Fake Issue: Humana Fest actor breaks leg, can’t afford health insurance

Just as the lights dimmed during Friday’s opening performance of “The End,” K. Thomas Welsh fell down the stairs at Actors Theatre as he was entering stage right. “I broke my left leg at the beginning of ‘The End,’” he said Tuesday at a press conference. Welsh’s agent said he’ll be out for at least six weeks, which terminates his contract with the Humana Festival of New American Plays.

Unfortunately, Welsh cannot afford health insurance, and his broken leg remains propped up and iced down. A cast would cost him $800. Welsh’s agent, Henry Bean, is hoping that since Welsh was technically working for the Humana Festival, that the health care company will help cover his medical costs. “It’s the right thing to do,” Bean said. “I mean, if you think about it, he’s kind of an employee of Humana. You would think they could spare a cast, or at least some morphine.”

As of presstime, the reps at Humana had not offered Welsh any monetary compensation for his injury. “I was just a guy looking for a lucky break,” said the rookie actor. “I didn’t know it would be so literal.”

A benefit party for Welsh will be held Saturday at the Monkey Wrench. Donations and Percocets are suggested.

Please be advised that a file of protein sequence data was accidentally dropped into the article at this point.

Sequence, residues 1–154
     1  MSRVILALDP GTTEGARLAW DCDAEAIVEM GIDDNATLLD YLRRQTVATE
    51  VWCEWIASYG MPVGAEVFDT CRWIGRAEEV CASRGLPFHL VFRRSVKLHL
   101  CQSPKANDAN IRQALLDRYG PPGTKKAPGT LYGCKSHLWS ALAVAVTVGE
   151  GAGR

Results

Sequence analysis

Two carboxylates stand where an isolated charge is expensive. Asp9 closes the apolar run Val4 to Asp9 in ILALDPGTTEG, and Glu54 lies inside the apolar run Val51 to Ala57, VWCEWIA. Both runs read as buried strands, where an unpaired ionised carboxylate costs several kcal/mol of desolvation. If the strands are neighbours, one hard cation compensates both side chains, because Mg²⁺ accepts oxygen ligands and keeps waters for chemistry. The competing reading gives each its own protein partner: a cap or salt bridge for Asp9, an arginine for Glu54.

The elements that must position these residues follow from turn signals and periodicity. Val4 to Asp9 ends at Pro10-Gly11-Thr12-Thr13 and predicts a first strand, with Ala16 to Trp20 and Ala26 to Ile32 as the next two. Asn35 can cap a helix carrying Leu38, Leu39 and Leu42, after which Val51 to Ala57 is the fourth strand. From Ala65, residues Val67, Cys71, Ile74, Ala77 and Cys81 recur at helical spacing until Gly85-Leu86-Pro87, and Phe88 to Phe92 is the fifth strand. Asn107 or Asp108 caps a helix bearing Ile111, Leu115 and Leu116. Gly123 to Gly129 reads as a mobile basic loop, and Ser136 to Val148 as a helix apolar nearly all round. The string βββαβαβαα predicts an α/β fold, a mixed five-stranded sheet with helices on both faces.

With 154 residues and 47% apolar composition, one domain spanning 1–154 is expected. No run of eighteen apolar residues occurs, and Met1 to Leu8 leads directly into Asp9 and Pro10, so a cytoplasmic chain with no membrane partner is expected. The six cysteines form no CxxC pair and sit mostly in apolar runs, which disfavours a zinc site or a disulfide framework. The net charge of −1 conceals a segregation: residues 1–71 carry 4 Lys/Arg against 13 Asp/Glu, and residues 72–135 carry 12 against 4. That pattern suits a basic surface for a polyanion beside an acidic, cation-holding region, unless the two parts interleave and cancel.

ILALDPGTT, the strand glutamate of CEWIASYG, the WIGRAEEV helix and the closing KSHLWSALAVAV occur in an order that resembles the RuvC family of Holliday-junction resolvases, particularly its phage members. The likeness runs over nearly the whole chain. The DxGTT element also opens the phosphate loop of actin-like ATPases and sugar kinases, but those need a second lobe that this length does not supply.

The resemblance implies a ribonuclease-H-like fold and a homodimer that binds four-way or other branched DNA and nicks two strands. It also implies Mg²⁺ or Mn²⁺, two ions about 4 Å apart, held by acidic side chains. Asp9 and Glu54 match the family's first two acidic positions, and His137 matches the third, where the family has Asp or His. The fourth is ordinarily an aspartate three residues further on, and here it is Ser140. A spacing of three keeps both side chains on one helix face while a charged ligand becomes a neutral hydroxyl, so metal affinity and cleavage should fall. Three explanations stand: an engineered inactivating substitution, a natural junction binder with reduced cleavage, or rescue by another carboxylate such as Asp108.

Lineup set for Blue Cross Blue Shield Festival of New American Tweets

Organizers of the first-ever Blue Cross Blue Shield Festival of New American Tweets announced the schedule for the literary event on Thursday. In a statement that was exactly 140 characters, the highly anticipated, all-local lineup was revealed to the public via Twitter: “The @BCBS Fest of NA Tweets will feature @pamsbutt, @justaddbourbon, @glitterslut, @loueyville, @502todo, @geekygirl502, @KYbourbongirl etc.” In a separate tweet came the event’s specifics: “April 12-13, The Bard’s Town, free, stay tuned for details!”

Organizers say the event will include Louisville’s top twaters who will read some of their most re-tweeted tweets.

“Tweeting is an art form,” @BCBSFOrganizer said. “We want to celebrate the best this city has to offer. Louisville jumped aboard the Twitter train when it was launched in 2006. This festival gives us a chance to celebrate creativity in 140 characters or less.”

Selected participant Pam Newman, who owns the screen name “pamsbutt” and tweets up to 10 times a day, is thrilled to be a part of this year’s Festival of New American Tweets. “I think long and hard every time I tweet,” she said. “It’s nice to be recognized for rapid-fire genius.”